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The emergence profile of a species significantly affects the performance of weed management programs.  Giant ragweed has become a greater problem for many farmers in recent years – part of this increase may be due to the movement to earlier planting dates for corn and soybean than used in the past.  Giant ragweed is typically the first summer annual weed of corn and soybean fields to emerge in the spring (Figure 1).  Since most giant ragweed seedlings emerge shortly after its emergence begins, the majority of the population would be killed by seedbed preparation for late-April or early-May planting dates.  Earlier planting dates result in the majority of the giant ragweed population emerging after planting, therefore the ragweed must be managed by the herbicide program.  The large seed size of this species reduces the effectiveness of many preemergence herbicides, and the rapid growth rate of giant ragweed results in the plant reaching sizes difficult for most postemergence herbicides to control consistently.  Fortunately, the relatively small seed production capacity of giant ragweed reduces the rate at which it spreads.

Waterhemp provides another example of how interactions between emergence timing and production practices influence weed population dynamics.  Waterhemp is native to the corn belt but was considered a minor weed  throughout the region until the mid-80’s.  At that time several factors fell into place that created an ideal environment for the survival of the species in corn and soybean fields.  The most obvious factor favoring waterhemp was the widespread use of ALS-inhibiting herbicides and the subsequent selection of ALS-resistant biotypes.   However, waterhemp remains one of the most problematic weeds for growers even after they have switched to alternative herbicide programs.  Other factors that have contributed to waterhemp problems include:  adoption of reduced tillage, decreased use of herbicides providing long residual control, and the decreased use of inter-row cultivation.  Reductions in tillage favor small-seeded species, whereas the latter two factors favor a weed with a prolonged emergence pattern.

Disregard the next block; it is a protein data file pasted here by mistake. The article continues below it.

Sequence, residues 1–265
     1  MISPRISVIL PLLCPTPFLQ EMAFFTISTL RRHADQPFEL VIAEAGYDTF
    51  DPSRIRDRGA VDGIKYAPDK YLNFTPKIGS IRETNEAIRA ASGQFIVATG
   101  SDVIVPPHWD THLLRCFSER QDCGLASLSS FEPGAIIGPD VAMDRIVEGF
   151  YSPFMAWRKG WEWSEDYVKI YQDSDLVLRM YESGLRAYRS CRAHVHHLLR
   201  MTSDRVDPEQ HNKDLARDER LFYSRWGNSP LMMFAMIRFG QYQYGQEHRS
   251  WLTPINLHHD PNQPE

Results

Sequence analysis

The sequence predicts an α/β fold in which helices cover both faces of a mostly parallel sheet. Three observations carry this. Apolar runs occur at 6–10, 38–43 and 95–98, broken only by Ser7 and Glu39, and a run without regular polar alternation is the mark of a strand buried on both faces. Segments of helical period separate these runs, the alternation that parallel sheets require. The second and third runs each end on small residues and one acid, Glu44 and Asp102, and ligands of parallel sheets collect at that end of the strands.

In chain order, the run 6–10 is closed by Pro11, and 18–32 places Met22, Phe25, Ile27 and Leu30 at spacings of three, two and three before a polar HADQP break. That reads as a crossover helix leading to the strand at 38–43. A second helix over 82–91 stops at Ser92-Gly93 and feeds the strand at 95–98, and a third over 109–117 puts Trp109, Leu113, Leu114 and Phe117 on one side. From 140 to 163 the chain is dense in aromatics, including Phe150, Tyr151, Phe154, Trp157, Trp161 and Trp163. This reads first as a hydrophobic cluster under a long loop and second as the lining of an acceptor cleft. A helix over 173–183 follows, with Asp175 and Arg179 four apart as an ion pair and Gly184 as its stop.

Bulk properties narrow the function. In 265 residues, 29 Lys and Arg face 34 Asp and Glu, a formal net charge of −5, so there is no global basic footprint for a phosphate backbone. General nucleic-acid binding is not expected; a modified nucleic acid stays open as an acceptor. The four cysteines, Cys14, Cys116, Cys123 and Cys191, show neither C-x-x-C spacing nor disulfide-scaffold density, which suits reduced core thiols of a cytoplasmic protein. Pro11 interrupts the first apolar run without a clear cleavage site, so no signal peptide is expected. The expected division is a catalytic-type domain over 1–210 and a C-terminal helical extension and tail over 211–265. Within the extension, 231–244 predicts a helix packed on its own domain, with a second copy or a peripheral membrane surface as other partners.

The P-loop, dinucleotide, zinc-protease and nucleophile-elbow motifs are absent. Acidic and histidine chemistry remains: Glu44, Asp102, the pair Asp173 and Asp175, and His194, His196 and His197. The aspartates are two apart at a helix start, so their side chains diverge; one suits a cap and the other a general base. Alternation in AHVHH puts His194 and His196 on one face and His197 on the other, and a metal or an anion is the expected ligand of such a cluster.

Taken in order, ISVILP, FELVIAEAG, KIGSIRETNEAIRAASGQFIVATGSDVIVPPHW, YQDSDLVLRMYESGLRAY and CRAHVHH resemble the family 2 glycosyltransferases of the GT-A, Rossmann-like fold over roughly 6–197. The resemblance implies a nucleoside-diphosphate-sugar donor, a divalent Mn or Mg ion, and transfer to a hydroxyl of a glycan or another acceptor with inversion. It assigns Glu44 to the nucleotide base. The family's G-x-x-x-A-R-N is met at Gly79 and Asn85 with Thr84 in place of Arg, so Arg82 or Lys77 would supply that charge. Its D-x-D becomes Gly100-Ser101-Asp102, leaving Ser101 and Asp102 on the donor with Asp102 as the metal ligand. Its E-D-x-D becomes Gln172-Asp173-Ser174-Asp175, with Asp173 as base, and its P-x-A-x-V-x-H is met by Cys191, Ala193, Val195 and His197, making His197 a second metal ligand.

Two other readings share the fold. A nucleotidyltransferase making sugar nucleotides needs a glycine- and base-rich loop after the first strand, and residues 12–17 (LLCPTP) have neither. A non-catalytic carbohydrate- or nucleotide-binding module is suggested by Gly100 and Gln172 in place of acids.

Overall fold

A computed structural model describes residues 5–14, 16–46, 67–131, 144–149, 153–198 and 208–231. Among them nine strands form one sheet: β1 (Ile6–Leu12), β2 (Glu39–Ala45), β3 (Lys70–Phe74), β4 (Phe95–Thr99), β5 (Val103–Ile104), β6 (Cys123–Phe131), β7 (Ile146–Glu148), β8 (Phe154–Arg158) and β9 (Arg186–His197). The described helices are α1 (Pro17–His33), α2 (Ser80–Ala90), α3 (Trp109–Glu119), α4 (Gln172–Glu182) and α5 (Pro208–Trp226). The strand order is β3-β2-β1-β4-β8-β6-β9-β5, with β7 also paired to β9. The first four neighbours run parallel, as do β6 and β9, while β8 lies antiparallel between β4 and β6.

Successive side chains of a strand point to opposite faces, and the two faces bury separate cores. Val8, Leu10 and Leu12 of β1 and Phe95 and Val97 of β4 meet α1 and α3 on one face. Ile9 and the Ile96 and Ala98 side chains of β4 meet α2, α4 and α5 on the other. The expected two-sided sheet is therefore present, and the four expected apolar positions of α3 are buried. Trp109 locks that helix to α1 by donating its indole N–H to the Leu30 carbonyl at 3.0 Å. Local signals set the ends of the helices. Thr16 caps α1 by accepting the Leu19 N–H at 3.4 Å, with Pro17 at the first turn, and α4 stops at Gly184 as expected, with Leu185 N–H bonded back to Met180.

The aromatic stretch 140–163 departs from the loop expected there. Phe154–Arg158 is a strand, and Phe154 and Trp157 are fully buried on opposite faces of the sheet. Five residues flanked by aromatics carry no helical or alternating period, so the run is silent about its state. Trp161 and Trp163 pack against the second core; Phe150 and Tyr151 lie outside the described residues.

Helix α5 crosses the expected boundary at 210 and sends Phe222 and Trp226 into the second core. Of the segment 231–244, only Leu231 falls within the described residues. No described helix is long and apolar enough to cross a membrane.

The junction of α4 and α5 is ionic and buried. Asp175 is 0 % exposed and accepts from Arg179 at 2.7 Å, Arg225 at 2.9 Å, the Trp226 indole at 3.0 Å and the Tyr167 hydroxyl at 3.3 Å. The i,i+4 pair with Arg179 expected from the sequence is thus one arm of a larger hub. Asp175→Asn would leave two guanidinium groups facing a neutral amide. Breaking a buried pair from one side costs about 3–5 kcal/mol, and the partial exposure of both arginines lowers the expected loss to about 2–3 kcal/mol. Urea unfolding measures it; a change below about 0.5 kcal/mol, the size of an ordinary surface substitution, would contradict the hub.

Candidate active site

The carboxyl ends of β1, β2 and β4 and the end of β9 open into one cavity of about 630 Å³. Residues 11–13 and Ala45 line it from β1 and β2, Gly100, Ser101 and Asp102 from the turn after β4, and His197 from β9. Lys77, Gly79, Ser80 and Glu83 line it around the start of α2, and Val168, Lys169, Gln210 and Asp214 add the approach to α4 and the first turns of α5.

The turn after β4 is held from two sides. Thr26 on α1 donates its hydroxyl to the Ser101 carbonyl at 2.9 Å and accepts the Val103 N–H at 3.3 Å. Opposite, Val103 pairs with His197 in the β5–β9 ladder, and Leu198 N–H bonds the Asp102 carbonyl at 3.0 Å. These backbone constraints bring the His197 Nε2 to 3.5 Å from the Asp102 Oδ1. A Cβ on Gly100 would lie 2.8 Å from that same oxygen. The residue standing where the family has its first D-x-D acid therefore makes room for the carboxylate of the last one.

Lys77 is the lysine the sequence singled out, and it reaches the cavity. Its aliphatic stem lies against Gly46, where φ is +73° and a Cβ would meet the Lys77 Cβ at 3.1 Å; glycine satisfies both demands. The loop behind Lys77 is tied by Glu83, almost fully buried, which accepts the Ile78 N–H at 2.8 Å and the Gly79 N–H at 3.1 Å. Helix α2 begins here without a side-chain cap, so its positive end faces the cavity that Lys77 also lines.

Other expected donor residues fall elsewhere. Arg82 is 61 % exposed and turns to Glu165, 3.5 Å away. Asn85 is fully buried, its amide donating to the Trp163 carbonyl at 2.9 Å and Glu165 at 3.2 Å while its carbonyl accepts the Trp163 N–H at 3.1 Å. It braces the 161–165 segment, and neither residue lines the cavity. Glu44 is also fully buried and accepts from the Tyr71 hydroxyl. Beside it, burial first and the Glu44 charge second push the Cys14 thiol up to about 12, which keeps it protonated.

The prolonged emergence pattern of waterhemp allows late emerging weeds to escape control.  These late-emerging weeds frequently do not impact yields because of the competitive advantage held by the earlier-emerging crop, but they can replinish the seed bank.  Over time the increase in the seed bank enhances the risk of control failures that will impact yields.   A simple model was created that predicts changes in waterhemp populations and soybean yield losses in a total post weed control system.    A scenario in which a non-residual herbicide is applied at the V6 soybean stage and controls all weeds emerged at that point of time is represented by Figures 1A and 1B.  Waterhemp that emerges after the post application produced seed that resulted in a continuous increase in the waterhemp seed bank and populations during the five year period.  However, soybean yields were not affected because the late-emerging weeds did not accumulate sufficient biomass to impact soybean growth.

Figures 2A and 2B represent the same scenario except that in years 2 and 5 the effectiveness of the postemergence herbicide is reduced to 95% control from 100%, thus allowing some of the earlier emerging weeds to escape control.  In year 2 soybean yields were not affected by the reduced control level due to the relatively small seed bank, but the waterhemp seed bank at the end of year 2 ( 583 seeds / m2 ) was increased significantly compared to where 100% control was obtained ( 298 seeds/ m2 ).   In year 5 the seed bank had increased to a point where a reduction in herbicide performance resulted in a 14% yield loss.